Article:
President Donald Trump’s Fiscal Year (FY) 2021 budget request shows some support for active forest management, but more investment is needed.
WASHINGTON—While the Trump administration’s FY 2021 proposed budget would support some active forest management, it would also significantly cut funding to critically important state and private forestry programs. In response, the National Association of State Foresters’ (NASF) reiterates its position: forest management needs and wildland fire threats cross ownership and jurisdictional boundaries. More federal investment is needed to manage and protect all of the nation’s forests.
The administration’s FY 2021 budget proposal would fund some state and private forestry programs—like the Forest Stewardship, Landscape Scale Restoration, and State and Volunteer Fire Assistance programs—at levels closer to or at FY 2020 enacted levels.
Unfortunately, this budget proposal would also see the Forest Legacy and Urban and Community Forestry programs zeroed out, and other important state and private forestry programs cut by an additional $12.48 million compared to FY 2020 enacted levels.
“It is clear this administration is focused on accelerating active forest management on federal lands, however, its approach continues to leave out adequate funding for active management on state and private lands, which constitute nearly two-thirds of the nation’s forestland,” said Greg Josten, NASF president and South Dakota state forester. “Given the boundary-less nature of forest pests, disease, and wildfire, additional investments in state and private forests are needed in order for all forests to be healthy, resilient, and productive across all boundaries.”
The administration’s FY 2021 budget calls for just a handful of cuts to the USDA Forest Service’s full budget—an improvement over past years’ recommendations—but nearly all of those proposed cuts would be made to state and private forestry programs.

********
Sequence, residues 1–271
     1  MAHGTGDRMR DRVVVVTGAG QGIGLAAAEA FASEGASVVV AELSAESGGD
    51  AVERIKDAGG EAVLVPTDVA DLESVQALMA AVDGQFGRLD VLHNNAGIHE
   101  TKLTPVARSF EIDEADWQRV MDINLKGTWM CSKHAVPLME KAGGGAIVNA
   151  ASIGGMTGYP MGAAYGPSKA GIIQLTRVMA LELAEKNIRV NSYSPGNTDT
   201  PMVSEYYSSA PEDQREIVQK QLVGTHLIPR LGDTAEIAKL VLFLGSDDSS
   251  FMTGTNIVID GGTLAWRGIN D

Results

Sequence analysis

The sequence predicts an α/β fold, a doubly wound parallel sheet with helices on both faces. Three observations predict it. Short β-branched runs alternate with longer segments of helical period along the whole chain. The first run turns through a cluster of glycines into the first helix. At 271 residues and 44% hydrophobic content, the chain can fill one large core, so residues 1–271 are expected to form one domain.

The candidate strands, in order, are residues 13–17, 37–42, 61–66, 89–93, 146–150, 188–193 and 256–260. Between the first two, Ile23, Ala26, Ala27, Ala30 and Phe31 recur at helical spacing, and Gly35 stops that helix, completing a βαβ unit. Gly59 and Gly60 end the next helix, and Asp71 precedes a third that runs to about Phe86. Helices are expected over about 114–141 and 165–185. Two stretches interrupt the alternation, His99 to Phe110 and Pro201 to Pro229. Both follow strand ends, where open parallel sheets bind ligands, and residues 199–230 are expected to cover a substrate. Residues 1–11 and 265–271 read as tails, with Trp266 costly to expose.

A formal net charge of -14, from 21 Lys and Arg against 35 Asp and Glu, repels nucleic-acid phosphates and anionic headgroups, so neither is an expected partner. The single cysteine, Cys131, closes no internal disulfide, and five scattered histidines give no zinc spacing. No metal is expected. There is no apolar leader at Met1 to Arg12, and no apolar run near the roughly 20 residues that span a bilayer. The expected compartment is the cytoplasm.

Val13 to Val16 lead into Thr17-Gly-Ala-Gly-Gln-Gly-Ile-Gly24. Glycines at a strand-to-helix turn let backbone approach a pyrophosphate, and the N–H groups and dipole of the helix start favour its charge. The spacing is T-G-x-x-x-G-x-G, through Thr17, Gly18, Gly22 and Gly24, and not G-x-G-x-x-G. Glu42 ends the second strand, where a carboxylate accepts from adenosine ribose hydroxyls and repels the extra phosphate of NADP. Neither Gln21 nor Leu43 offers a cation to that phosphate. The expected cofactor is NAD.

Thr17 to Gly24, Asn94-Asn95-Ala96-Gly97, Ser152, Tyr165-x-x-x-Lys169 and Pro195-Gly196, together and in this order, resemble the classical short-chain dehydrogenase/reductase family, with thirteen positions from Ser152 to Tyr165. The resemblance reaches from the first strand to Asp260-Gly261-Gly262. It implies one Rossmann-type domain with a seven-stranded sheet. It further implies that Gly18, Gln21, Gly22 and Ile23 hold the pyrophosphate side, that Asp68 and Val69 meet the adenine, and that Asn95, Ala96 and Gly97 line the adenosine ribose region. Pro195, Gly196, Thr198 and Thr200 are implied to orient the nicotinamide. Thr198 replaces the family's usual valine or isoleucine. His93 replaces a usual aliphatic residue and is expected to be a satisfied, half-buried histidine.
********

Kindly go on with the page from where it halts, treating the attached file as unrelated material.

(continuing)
“To be frank, state foresters’ appropriations recommendations for state and private forestry programs are minuscule relative to the Forest Service’s overall budget and other agricultural programs. It just doesn’t make good sense to slash the program funds that support most of the nation’s forests, particularly when state forestry agencies leverage federal funds at exceedingly high rates,” said Jay Farrell, NASF executive director. “We have appreciated this administration’s support for active forest management and hope future budget proposals fully reflect its stated commitment to healthy forests, jobs, and shared stewardship.”
State Forester Priority Program Appropriations Summary Table
|FY18 Enacted||FY19 Enacted||FY20 Enacted||FY21 NASF Recommendation||FY21 Administration Budget|
|State and Private Forestry Programs||$335.53||$335.49||$346.99||N/A||$217.44|
|Urban and Community Forestry||$28.50||$29.50||$32.00||$35.00||$0.00|
|Forest Health on Cooperative Lands||$41.00||$42.00||$44.00||$51.00||$33.76|
|Landscape Scale Restoration||$14.00||$14.00||$14.00||$20.00||$14.00|
|State Fire Assistance*||$80.00||$81.00||$82.00||$87.00||$81.10|
|Volunteer Fire Assistance*||$16.00||$17.00||$18.00||$19.00||$17.00|
*The FY21 Administration Budget proposes renaming Forest Stewardship to “Working Forest Lands,” State Fire Assistance to “National Fire Capacity,” and Volunteer Fire Assistance to “Rural Fire Capacity.”
Media Contact: Whitney Forman-Cook at firstname.lastname@example.org or 202-624-5417
** A previous version of this press release included an incorrect reference to the Forest Legacy program and FY 2021 proposed funding.